In the last blog my colleague Lucy expressed excited hope for today’s planning of close-up imagery of the rocks we tried to approach at ‘The Prow.’ But, well, sometimes Mars does not read the script. If you ever drove off-road (or in heavy snow, for that matter), you’ll know that the landscape always rules. There is no point trying to fight it, it will win. Our attempt to drive to the outcrop showed that the terrain is tricky, and that sand under the wheels caused slippage which meant we once again ended up with our left front wheel perched on a rock (you can see it in the image above). While we expected it, and factored it into the planning, approaching carefully, keeping the rover safe, hoping our six-wheel drive would give us the upper edge… it proved too difficult. Mars wins. This time. (There is a German proverb, though, that says that the smarter one back off first …) The image above gives you a good impression why. Therefore, to keep our rover safe, we decided to back off and look out for another place where we could find similar structures in the future, and onto which we can safely deploy MAHLI and APXS. That said, we are not leaving empty handed, because our mast-mounted cameras, Mastcam and the ChemCam remote imager, will have imaged every important inch of the structure, and ChemCam will get chemistry too. Good bye to this section of ‘The Prow,’ but we’ll be looking out for your siblings in the future.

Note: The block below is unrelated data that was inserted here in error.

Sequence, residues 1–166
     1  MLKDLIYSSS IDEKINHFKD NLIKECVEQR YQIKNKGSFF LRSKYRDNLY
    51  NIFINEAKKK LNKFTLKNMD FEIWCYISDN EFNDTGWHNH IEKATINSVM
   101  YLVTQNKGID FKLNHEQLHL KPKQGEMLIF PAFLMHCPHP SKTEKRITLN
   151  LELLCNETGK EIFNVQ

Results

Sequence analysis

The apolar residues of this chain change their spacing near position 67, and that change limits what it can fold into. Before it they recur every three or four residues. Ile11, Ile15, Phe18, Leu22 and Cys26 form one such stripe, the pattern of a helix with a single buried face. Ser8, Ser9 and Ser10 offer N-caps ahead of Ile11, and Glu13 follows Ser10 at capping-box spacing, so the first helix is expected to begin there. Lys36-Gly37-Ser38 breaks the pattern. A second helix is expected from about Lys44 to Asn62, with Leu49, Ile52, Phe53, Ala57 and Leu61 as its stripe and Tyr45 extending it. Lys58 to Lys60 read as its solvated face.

Before we move, there is a lot of science to be done. ChemCam investigates the target ‘Sorowape’ in active mode and takes high-resolution mosaics of the targets ‘Kambaouk’ and ‘Chimanta’ near the rover and of the target ‘Mirador’ in the distance. Mastcam will be busy doing documentation images of the ChemCam active target and do imaging on the targets ‘Toron’ and ‘East Cliffs’ as well as a multispectral investigation on ‘Kambaouk.’
After backing off and reaching a flat area, we will do our regular full MAHLI wheel imaging that we do to keep an eye on our hardware. There will be a Mastcam clast survey image and the post drive imaging from Navcam for planning on Friday. Of course, we also have atmospheric monitoring in the plan and DAN is measuring the water in the rocks beneath the rover, too. MARDI will continue to take an image after the drive, documenting the rocks under the rover. Curiosity will have a busy day at the office while we will very closely inspect all the images we have – and that we will get from this plan, too – to spot a sibling of ‘The Prow.’ It’s a very diverse area, and if you haven’t done so, have a look at all the images that Curiosity took in the past few days, it’s a feast for geologists, and for anyone else who likes to admire the wonderful structures that sedimentology has to offer.
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